- Some schools require an entrance exam/audition (open house schedule found on this website)
- Qualifications are reviewed by a committee to determine acceptance into the program
- Should there be more applicants than seat availability, waiting pools are then established.
- Waiting pool status will be removed once a student is accepted into another Buffalo Public school.
11. Are we all confused now? Apologies.
A note on preferences: I do not pretend to understand how signaling preference “factors” into your Parental Choice Application. All I know is that when we went to a session at PS 64 in the Fall of 2014, Dr Frazier said never to put Gifted & Talented at the top of your preferences, because if your kid gets into the G&T program, that preference will trump all others (sibling, proximity etc). I have no idea how “likely” it is that a sibling gets a spot in any given school. I think it is considered pretty likely, unless your older child is in a criteria program, in which case, sibling preference DOES NOT apply. Despite what many people will tell you about their younger child getting into 64 anyway (as a sibling while not testing in).
12. Why are parents scared of public schools here?
There are many answers to this, and the question and feeling are not easily answerable. Many city schools have low test scores. Many children in Buffalo live in poverty. Our District has not always (has never?) been well run. This is a city segregated by race and class. There is a long tradition here of private and parochial schools in Buffalo, and a very strong Catholic community. These schools offer an attractive (though not free) alternative to the public schools. As you may know, many people are upset about the current state of public education. Parents have been known to feel assaulted and helpless amidst the current state of affairs. Other questions to ask: Do we deserve good public schools? Should our schools be equal in quality? How can individuals and parents work to make schools a welcoming place? Who does the work of public education — is it parents, is it teachers, is it a state organization? What are the main interests of the people/groups who run our schools?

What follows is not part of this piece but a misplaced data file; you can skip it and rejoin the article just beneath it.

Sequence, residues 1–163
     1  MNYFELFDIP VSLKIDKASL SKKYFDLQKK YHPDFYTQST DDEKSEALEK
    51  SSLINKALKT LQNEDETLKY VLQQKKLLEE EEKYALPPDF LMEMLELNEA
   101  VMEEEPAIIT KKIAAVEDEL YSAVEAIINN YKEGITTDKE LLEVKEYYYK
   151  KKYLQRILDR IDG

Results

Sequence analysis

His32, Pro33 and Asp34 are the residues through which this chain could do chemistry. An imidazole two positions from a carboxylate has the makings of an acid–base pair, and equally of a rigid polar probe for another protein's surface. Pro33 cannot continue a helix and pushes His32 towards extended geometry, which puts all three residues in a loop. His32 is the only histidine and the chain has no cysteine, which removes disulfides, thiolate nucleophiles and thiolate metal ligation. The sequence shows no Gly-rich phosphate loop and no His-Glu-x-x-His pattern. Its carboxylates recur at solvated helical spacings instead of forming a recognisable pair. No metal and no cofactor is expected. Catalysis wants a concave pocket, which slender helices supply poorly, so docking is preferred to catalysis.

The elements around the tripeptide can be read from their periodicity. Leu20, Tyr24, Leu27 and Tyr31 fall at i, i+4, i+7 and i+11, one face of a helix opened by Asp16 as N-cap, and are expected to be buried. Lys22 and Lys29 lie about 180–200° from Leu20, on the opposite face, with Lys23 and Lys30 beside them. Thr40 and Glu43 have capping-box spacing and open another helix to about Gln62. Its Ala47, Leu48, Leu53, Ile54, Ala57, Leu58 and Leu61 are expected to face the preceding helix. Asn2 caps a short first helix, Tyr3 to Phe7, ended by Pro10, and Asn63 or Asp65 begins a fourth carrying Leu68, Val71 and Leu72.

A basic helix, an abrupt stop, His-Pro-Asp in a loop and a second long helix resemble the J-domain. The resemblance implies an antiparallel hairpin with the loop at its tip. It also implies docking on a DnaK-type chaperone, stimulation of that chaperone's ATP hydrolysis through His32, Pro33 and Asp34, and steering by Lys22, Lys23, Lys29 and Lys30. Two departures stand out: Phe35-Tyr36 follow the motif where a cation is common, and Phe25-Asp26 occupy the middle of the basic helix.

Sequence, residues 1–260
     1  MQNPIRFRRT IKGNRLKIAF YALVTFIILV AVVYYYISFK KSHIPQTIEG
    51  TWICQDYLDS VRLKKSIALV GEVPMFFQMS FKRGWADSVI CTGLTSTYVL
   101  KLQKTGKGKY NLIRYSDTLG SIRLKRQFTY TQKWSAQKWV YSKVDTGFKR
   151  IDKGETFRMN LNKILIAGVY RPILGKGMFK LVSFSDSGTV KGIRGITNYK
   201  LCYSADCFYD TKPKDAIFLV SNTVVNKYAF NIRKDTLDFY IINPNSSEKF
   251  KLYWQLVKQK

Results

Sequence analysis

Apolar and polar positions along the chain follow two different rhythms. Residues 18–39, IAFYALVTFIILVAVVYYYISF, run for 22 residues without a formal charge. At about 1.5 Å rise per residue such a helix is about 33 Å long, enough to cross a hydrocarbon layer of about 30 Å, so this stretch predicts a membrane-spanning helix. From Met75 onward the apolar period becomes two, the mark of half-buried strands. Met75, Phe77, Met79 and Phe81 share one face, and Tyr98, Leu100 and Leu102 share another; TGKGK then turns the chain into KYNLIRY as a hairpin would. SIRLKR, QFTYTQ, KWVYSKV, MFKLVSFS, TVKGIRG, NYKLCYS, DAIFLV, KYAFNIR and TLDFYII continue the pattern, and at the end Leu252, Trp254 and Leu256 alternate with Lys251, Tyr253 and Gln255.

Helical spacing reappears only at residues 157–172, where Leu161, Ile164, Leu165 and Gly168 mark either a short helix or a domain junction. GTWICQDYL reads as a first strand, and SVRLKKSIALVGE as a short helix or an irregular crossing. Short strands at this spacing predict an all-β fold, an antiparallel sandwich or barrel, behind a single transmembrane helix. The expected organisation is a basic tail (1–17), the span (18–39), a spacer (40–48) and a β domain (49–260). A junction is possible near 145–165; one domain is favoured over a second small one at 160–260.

What are the terms I should know?
Parental Choice /School Choice and the preferences: Sibling, Proximity, Boundary, Promise, and Criteria (a test-in school)